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Considerations when recommending a power recliner lift chair

Considerations when recommending a power recliner lift chair


You are a community occupational therapist who received a referral to complete a home safety assessment for 78-year-old Mr. Haddad who had a recent cardiac event. Mr. Haddad has diabetes mellitus, uses a rollator walker in the community, and expressed that his “joints get stiff” when trying to get up from the couch. His wife shared that she occasionally needs to assist Mr. Haddad in getting up from the couch. She occasionally reminds him about his walker. She gets nervous helping him as she has poor balance and does not want either of them to fall. As a result, Mr. Haddad and his wife have asked you for recommendations about assistive devices that can make it easier for Mr. Haddad to get up from sitting into a standing position.

You think a power recliner lift chair would be useful. You are reminded about the 2022 College Response to the Coroner’s Report: Deaths from Power Recliner Lift Chairs document and wonder whether a power recliner lift chair would be safe for Mr. Haddad.



You review the document regarding the 2022 College Response to the Coroner’s Report: Deaths from Power Recliner Lift Chairs. You review the Reflection Questions for Home Assessment included in the document. 

You identified the following benefits for a power recliner lift chair in Mr. Haddad’s context:

  • Mr. Haddad occasionally requires cuing provided by his wife. 
  • There is sufficient space in Mr. Haddad’s living room for the chair to be fully reclined, or fully upright to safely dismount the chair.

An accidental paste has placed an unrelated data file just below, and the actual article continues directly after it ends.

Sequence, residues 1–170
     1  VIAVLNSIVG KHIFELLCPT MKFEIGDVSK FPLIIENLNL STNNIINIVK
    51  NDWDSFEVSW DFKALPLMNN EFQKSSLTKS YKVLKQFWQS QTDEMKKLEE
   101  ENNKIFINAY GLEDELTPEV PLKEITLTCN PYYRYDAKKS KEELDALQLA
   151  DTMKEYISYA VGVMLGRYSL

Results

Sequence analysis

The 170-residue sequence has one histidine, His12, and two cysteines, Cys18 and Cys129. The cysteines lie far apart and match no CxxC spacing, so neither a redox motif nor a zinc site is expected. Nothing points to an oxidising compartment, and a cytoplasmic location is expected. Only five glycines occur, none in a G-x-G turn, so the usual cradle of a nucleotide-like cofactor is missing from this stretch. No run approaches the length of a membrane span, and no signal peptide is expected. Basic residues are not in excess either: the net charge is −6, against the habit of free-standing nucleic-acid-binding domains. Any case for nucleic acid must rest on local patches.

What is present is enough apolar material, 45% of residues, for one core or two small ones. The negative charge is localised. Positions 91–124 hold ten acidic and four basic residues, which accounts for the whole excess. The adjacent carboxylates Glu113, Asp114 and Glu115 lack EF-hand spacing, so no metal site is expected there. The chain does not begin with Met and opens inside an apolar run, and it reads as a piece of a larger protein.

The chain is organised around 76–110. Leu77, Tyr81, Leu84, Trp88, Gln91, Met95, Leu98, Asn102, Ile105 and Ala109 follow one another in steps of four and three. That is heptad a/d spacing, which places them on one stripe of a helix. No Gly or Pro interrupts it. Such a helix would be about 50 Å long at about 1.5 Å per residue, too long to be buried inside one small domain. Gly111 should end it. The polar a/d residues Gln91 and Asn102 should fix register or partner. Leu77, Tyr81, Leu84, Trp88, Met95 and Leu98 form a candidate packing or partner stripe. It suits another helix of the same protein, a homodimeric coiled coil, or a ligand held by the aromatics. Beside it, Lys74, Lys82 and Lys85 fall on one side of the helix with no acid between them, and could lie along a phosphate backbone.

You also identified the following risk:

  • Mr. Haddad uses his rollator walker in the house which could pose a safety risk if not placed properly beside the chair with brakes on for appropriate transfers.


You explain the identified risks of using the chair and discuss the strategies that Mr. Haddad must consider to safely use the power recliner lift chair and mitigate these risks.

In the past, you recommended power lift chairs to clients without seeing the client use the chair. However, after reviewing the 2022 College Response to the Coroner’s Report: Deaths from Power Recliner Lift Chairs document, you now consider additional risks of using these chairs, including the presence of a mobility aid.

In response, you decide that it would be crucial to your role as an occupational therapist to ensure that Mr. Haddad learns how to properly use the chair in your presence to maximize his safety. 

You set up a time with Mr. Haddad to review the types of power recliner lift chairs available, and features and fit considerations.

After the chair is delivered, you schedule a follow up visit to teach Mr. Haddad how to safely transfer into and out of the chair, including how to use and position his walker safely with the chair. Mr. Haddad practices a few times and communicates a level of confidence in using the chair independently. 

You follow up with Mr. Haddad and find that he is happy with the new equipment and can independently transfer in and out of his power recliner lift chair. 


In some instances, when clients have functional barriers and use mobility aids, power recliner lift chairs can assist with ease of transfers.  If power recliner lift chairs are not used safely, they have been found to be related to serious injuries. Therefore, it is important to consider the abilities, environment and capacity of the client to use of this equipment safely when completing a home assessment. When prescribing equipment, the occupational therapist is expected to use their clinical reasoning to decide whether the equipment is safe for the client, given their context to optimize health and wellbeing. 



If you have questions about the application of College Standards and resources, contact the Practice Resource Service: 1.800.890.6570/416.214.1177x240 or [email protected].

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